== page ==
Public research institutions that wish to attract researchers by various means – for example 25% taxation – must establish an “ad hoc” or permanent function that can assess the relevant researchers’ research level. The institution will then issue an approval to the researcher, who can then use it in his or her dealings with the local tax authorities as approval for 25% taxation.

  • Private enterprises and public institutions that are not research institutions have no corresponding job structures with specific requirements for each job category. In these cases the research councils – as the central body – will undertake an evaluation and, as the case may be, grant approval.
    The research councils will be able to make a grading for the applicable job structures based on the researcher’s qualification level and grant an approval that can be submitted to the tax authorities as the basis for 25% taxation.
  • Other employees engaged with a view to research and development work.
    Persons who are employed with a view to conducting research and development work without having qualified as researchers can be taxed under the special tax scheme if the specific requirement as regards their remuneration is also fulfilled. The employee’s contract of employment must specify that the contemplated work is research and development. The contract of employment must be approved by the research councils with reference to the OECD’s definition of research and development work. With a view to obtaining approval, the enterprise will submit a draft contract and if the draft contract is approved, a preliminary approval is issued. After the signing of the contract a certified copy thereof must be sent to the research councils, which can then forward an approval proper for presentation to the tax authorities. Alternatively, the parties may make the validity of the contract contingent upon approval by the research councils.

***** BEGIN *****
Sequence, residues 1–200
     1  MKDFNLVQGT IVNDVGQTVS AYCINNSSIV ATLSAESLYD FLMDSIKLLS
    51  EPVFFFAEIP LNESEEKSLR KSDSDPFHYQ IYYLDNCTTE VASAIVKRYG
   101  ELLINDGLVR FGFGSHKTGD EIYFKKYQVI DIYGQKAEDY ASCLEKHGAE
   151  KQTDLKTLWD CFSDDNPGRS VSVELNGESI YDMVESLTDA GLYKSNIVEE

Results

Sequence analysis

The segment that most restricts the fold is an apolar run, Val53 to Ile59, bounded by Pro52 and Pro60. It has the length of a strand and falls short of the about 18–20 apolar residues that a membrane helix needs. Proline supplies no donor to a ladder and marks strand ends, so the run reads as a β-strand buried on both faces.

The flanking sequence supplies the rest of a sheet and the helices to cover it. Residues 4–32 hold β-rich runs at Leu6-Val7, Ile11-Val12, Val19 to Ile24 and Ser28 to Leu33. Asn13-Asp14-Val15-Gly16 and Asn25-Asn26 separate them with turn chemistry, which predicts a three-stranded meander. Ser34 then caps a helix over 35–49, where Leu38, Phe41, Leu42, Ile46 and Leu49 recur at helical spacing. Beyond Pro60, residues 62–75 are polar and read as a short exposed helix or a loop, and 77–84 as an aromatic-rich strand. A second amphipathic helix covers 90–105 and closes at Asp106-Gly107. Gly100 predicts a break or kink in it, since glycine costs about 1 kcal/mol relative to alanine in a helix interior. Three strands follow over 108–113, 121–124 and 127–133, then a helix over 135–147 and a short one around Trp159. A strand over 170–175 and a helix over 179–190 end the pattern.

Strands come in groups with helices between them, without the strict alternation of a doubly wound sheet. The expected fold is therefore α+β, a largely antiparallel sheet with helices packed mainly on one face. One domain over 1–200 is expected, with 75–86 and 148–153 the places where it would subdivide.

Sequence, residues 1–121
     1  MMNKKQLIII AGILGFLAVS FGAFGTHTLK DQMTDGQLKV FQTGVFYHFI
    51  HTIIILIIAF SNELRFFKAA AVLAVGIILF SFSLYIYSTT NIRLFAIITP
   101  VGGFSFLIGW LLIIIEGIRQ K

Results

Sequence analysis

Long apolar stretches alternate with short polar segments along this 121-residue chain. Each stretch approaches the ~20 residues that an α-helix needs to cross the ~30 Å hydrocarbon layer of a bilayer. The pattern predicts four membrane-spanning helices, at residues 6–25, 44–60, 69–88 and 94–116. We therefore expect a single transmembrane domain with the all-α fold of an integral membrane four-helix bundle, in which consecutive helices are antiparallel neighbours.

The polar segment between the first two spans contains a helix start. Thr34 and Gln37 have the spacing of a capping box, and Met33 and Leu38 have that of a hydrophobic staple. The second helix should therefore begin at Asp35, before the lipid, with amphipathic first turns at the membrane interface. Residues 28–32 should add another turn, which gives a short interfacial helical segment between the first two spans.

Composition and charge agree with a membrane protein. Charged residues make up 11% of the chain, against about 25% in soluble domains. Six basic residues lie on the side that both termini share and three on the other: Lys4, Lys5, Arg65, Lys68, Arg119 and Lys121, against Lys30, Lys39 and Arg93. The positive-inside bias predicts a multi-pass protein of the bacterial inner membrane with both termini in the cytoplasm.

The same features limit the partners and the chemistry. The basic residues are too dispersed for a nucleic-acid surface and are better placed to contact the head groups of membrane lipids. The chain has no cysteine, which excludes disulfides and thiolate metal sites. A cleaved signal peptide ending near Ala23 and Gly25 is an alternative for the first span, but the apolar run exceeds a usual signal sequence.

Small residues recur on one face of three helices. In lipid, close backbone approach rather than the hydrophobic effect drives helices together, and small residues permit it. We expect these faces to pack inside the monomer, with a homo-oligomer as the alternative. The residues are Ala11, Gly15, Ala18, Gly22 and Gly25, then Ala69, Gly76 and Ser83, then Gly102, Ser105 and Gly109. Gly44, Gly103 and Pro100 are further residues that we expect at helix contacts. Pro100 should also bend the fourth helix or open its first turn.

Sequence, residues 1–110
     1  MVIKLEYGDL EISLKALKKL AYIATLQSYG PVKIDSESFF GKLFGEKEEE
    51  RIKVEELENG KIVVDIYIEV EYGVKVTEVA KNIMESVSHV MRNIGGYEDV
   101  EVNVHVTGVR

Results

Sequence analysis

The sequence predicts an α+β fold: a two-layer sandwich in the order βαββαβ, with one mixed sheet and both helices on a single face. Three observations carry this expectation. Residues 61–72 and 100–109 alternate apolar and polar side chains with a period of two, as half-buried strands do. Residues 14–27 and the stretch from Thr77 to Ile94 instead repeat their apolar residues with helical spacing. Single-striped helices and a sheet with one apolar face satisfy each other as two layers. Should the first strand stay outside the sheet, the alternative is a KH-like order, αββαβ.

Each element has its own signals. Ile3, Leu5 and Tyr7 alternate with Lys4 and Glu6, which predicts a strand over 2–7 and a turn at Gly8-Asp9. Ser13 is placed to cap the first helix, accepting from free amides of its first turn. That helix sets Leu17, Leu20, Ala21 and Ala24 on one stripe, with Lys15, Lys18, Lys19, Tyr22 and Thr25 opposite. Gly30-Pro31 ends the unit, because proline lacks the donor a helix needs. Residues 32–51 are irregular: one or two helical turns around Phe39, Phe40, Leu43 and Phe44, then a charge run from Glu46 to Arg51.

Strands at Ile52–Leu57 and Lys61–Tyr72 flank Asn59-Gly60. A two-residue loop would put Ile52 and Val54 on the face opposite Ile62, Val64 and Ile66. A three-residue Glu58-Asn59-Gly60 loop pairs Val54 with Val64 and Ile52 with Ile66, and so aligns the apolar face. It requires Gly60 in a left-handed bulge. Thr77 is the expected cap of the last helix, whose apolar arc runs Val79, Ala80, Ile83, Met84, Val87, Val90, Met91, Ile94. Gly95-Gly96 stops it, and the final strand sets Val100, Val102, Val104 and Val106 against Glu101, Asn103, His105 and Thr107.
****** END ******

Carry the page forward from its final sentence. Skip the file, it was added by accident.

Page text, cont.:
Approval of the contracts mainly takes place at the administrative level in the secretariat of the Research Council Administration. However, cases in which there may be doubt as to whether the duties to be performed fall within the definition of research and development work or in which the recommendation is for approval not to be granted are submitted to the relevant council members.
    The procedure is supplemented by a requirement that a report concerning the duties performed by the individual employee be submitted after the end of the tax rebate period. The research councils will draw up an annual summary of the approvals granted, the number of approvals granted, their nature, etc., for the purpose, inter alia, of the annual reports to be submitted to the EU Commission.

An executive order has been issued regarding the approval of researchers, etc., pursuant to Section 48 E of the Danish Withholding Tax Act. The order is no. 568 of 22 June 2000.